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/ title=”Ginger (Zingiber officinale) reduces acute chemotherapy-induced nausea: a URCC CCOP study of 576 patients.”>
Ginger (Zingiber officinale) reduces acute chemotherapy-induced nausea: a URCC CCOP study of 576 patients.

June 2012

PURPOSE: Despite the widespread use of antiemetics, nausea continues to be reported by over 70% of patients receiving chemotherapy.
METHODS:
In this double blind, multicenter trial, we randomly assigned 744 cancer patients to four arms: 1) placebo, 2) 0.5 g ginger, 3) 1.0 g ginger, or 4) 1.5 g ginger. Nausea occurrence and severity were assessed at a baseline cycle and the two following cycles during which patients were taking their assigned study medication. All patients received a 5-HT(3) receptor antagonist antiemetic on Day 1 of all cycles. Patients took three capsules of ginger (250 mg) or placebo twice daily for 6 days starting 3 days before the first day of chemotherapy. Patients reported the severity of nausea on a 7-point rating scale (“1″=”Not at all Nauseated”and”7″=”Extremely Nauseated”) for Days 1-4 of each cycle. The primary outcomes were to determine the dose and efficacy of ginger at reducing the severity of chemotherapy-induced nausea on Day 1 of chemotherapy.
Results:
A total of 576 patients were included in final analysis (91% female, mean age = 53). Mixed model analyses demonstrated that all doses of ginger significantly reduced acute nausea severity compared to placebo on Day 1 of chemotherapy (p = 0.003). The largest reduction in nausea intensity occurred with 0.5 g and 1.0 g of ginger (p = 0.017 and p = 0.036, respectively). Anticipatory nausea was a key factor in acute chemotherapy-induced nausea (p

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/ title=”Aromatherapy as treatment for postoperative nausea: a randomized trial.”>
Aromatherapy as treatment for postoperative nausea: a randomized trial.

August 2013

Background:
Postoperative nausea (PON) is a common complication of anesthesia and surgery. Antiemetic medication for higher-risk patients may reduce but does not reliably prevent PON. We examined aromatherapy as a treatment for patients experiencing PON after ambulatory surgery. Our primary hypothesis was that in comparison with inhaling a placebo, PON will be reduced significantly by aromatherapy with (1) essential oil of ginger, (2) a blend of essential oils of ginger, spearmint, peppermint, and cardamom, or (3) isopropyl alcohol. Our secondary hypothesis was that the effectiveness of aromatherapy will depend upon the agent used.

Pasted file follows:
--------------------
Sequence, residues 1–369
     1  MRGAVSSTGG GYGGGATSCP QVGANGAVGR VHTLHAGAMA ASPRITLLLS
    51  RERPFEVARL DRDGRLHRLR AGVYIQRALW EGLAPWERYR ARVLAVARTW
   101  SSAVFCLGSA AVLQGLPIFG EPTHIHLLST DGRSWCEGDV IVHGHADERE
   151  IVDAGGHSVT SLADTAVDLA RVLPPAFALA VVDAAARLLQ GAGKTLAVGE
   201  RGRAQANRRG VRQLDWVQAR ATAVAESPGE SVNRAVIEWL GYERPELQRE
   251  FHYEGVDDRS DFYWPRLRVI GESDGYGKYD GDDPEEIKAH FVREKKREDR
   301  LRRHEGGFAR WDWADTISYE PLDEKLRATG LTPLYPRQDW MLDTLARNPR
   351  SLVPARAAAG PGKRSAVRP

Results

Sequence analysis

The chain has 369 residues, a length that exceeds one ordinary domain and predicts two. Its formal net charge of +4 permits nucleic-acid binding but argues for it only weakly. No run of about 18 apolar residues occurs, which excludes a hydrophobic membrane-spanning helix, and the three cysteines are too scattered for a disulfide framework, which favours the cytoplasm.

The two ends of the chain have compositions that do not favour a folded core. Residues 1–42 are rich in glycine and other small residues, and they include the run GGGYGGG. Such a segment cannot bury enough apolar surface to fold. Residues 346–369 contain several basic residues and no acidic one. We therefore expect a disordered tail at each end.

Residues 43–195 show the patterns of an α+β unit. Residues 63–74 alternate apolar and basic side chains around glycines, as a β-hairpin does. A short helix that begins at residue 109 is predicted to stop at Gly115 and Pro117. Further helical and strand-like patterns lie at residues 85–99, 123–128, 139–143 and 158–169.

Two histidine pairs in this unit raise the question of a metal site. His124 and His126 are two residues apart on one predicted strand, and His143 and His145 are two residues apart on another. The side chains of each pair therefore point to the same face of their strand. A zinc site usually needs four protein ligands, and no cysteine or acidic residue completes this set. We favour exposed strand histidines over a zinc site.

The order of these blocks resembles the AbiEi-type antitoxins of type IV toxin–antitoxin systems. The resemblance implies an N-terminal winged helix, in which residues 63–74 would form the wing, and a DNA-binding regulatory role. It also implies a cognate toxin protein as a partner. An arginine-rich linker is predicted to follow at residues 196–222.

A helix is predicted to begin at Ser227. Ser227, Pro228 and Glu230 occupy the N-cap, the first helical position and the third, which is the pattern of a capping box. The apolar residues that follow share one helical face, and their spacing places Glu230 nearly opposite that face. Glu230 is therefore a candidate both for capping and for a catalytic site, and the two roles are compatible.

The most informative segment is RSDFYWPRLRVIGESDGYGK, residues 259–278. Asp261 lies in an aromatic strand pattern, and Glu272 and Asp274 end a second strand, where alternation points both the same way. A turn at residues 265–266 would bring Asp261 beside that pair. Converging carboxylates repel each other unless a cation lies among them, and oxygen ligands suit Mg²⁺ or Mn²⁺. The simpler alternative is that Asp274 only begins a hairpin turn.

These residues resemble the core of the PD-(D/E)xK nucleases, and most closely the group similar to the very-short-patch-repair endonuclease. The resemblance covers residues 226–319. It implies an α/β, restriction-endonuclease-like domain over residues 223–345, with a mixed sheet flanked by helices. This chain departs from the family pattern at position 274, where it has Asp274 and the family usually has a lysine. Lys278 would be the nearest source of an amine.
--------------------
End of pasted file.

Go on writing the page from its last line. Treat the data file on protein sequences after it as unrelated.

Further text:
METHODS:
A randomized trial of aromatherapy with patients who reported nausea in the postanesthesia care unit was conducted at one ambulatory surgical center. Eligibility criteria were adult, able to give consent, and no history of coagulation problems or allergy to the aromatherapy agents. Before surgery, demographic and risk factors were collected. Patients with a nausea level of 1 to 3 on a verbal descriptive scale (0-3) received a gauze pad saturated with a randomly chosen aromatherapy agent and were told to inhale deeply 3 times; nausea (0-3) was then measured again in 5 minutes. Prophylactic and postnausea antiemetics were given as ordered by physicians or as requested by the patient.
Results:
A total of 1151 subjects were screened for inclusion; 303 subjects reporting nausea were enrolled (26.3%), and 301 meeting protocol were analyzed (26.2%). The change in nausea level was significant for the blend (P

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/ title=”Efficacy of acupuncture in prevention of postoperative nausea in cardiac surgery patients.”>
Efficacy of acupuncture in prevention of postoperative nausea in cardiac surgery patients.

August 2009

Background:
Coronary artery bypass graft and cardiac valve surgeries are frequently performed in medical facilities in the United States, and postoperative nausea (PON) is a prevalent problem in this patient population. The purpose of this study was to evaluate the efficacy of a single preoperative acupuncture treatment in the prevention of PON in patients undergoing coronary artery bypass graft or cardiac valve surgery, or both.
METHODS:
Ninety participants presenting for coronary artery bypass graft or cardiac valve surgery, or both, were recruited for this study. Patients were randomly assigned to receive either one preoperative acupuncture and standard postoperative care (acupuncture group) or solely standard postoperative care (control group). Acupuncture was performed 0.5 to 3 hours before surgery. The PON incidence and severity on postoperative day (POD) 2 and POD 3 were measured with validated nausea tools.
Results:
The acupuncture group had a significantly lower incidence of nausea compared with the control group (POD 2, odds ratio [OR], 0.38; p = 0.05; and POD 3, OR, 0.26; p = 0.01). The acupuncture group also had a significantly lower score of nausea severity than the control group (POD 2, OR, 0.29; p = 0.01; and POD 3, OR, 0.25; p = 0.01). No adverse effects due to acupuncture treatment were reported. Antiemetics, pain medications, and anesthetics administered intraoperatively did not differ between the two groups and did not influence study results. CONCLUSIONS: A single preoperative acupuncture treatment decreased incidence and severity of PON in patients undergoing coronary artery bypass graft or cardiac valve surgery, or both, and caused no adverse effects.